Local web retailers open brick-and-mortar outlets to bolster their brands

To expand their customer base and create brand awareness, more online stores are setting up brick- and-mortar spaces

Local e-commerce retailers are tip-toeing into the brick-and-mortar space, setting up physical locations for shoppers to view their wares, interact with staff and experience the brand.

Such stores, they say, help them snag less tech-savvy consumers, who then feel more confident about buying items on their websites. It also helps to build brand awareness.

At least six home-grown e-commerce sites have opened such stores in the past four years, including fashion brands In Good Company, Beyond The Vines, Collate The Label, Visual Mass, SocietyA and Ling Wu.

In October, e-commerce stalwart Love, Bonito will take the plunge by opening its first physical Singapore boutique, in Orchard Road.

The trend is happening elsewhere too. American eyewear brand Warby Parker and fashion label Everlane both started off online, but now have numerous brick-and-mortar stores where shoppers try on clothes and are immersed in the brands' aesthetics.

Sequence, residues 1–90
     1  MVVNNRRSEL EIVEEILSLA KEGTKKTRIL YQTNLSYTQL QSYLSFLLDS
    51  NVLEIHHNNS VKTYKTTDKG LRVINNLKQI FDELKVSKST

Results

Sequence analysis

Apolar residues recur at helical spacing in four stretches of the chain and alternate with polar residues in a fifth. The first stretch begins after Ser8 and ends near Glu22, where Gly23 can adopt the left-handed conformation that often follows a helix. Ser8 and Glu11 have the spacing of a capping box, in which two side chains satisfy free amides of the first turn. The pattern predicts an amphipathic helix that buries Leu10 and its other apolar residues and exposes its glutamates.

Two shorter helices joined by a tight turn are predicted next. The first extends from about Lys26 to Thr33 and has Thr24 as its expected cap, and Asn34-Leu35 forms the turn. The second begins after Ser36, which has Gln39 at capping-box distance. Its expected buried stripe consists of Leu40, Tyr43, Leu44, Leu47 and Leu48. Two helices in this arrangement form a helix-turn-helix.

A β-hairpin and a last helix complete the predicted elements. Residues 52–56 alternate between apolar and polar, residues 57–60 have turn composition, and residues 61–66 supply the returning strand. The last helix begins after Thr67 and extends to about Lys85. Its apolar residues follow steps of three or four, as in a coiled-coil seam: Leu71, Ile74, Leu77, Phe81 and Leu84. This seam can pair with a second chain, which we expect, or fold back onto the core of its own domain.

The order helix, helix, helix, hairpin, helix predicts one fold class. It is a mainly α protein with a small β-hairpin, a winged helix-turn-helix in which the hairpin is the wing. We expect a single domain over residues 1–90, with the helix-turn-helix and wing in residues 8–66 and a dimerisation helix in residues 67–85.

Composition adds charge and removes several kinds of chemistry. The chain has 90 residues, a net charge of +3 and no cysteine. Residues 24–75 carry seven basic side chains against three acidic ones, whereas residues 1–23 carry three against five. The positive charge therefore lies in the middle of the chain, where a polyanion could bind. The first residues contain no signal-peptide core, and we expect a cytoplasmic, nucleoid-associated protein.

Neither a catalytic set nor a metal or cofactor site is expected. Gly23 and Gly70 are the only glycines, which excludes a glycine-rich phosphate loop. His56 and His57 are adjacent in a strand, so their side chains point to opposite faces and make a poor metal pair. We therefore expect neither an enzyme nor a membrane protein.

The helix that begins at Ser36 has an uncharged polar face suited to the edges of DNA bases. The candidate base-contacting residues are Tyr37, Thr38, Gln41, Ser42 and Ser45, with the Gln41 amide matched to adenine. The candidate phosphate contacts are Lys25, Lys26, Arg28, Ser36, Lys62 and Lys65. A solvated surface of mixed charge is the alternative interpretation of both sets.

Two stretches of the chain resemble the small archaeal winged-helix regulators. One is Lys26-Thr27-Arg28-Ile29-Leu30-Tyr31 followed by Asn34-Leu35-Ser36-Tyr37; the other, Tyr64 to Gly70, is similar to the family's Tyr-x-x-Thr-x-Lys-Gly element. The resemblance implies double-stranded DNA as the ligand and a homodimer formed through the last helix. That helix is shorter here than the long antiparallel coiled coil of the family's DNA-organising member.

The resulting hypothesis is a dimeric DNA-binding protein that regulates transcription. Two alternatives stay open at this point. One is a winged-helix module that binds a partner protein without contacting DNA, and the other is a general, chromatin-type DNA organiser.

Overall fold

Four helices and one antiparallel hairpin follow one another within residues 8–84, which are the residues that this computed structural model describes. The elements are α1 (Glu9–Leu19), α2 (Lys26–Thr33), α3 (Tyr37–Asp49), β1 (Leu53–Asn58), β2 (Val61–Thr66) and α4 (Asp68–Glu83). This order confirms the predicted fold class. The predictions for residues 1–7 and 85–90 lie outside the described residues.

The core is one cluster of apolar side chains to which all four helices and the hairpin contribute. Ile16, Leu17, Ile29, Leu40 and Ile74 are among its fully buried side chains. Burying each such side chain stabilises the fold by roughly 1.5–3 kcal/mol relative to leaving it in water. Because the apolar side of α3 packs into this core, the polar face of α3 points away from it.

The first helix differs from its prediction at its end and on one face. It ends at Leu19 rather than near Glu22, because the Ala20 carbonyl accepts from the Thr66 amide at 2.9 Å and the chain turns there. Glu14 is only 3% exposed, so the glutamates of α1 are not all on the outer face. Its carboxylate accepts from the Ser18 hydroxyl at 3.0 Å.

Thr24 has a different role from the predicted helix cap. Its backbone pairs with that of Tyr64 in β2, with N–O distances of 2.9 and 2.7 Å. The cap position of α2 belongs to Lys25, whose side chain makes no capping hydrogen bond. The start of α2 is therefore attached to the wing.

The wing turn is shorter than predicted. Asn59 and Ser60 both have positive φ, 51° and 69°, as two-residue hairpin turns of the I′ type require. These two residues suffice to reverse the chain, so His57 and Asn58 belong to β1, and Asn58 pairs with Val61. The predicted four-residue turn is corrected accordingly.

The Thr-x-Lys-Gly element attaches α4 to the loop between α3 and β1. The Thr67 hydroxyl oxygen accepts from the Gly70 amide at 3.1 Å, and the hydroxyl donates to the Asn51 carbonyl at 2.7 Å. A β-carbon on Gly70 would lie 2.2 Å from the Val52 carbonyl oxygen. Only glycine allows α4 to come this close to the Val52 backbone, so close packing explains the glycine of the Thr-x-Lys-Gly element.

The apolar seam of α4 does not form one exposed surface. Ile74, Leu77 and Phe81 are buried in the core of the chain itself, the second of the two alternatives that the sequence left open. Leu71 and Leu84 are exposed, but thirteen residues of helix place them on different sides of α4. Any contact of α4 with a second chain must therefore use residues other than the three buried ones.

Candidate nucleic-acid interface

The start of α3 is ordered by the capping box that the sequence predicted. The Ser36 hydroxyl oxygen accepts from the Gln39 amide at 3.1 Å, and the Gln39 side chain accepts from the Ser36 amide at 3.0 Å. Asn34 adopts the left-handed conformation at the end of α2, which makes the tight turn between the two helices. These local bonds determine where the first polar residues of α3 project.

Amazon made headlines earlier this year when it opened its first bookstore in New York, with plans for other locations.


Having a physical presence allows businesses to build brand awareness and have face-to-face customer service, says Associate Professor Leonard Lee, Dean's Chair at the National University of Singapore Business School.

"Many consumers have a desire or even a need to physically examine clothing and other fashion items before buying them, so having a physical store could help attract such segments of customers and encourage purchase."


The future of retail, he adds, is unlikely to be purely e-commerce or brick and mortar.

"Ultimately, online fashion businesses may need to think carefully about how to best integrate online and physical channels to provide consumers with a streamlined and seamless multi-channel shopping experience."


For Ms Lyn Wong, 33, a vice-president in a bank, SocietyA's physical store in Ngee Ann City helped tip the scales. She was initially adverse to shopping on the multi-label store's e-commerce site as she did not like the idea of having to pay for the return shipping cost should an item not fit. She has since bought several items from the website, including a bomber jacket, a skirt and a shirt.

"I was happy with the service at the boutique, where the concierge manager made an effort to understand my preference and gave appropriate recommendations. With that and its free returns policy, it made me more confident to shop on its website."

A version of this article appeared in the print edition of The Straits Times on July 20, 2017, with the headline 'Web retailers get physical'. Print Edition | Subscribe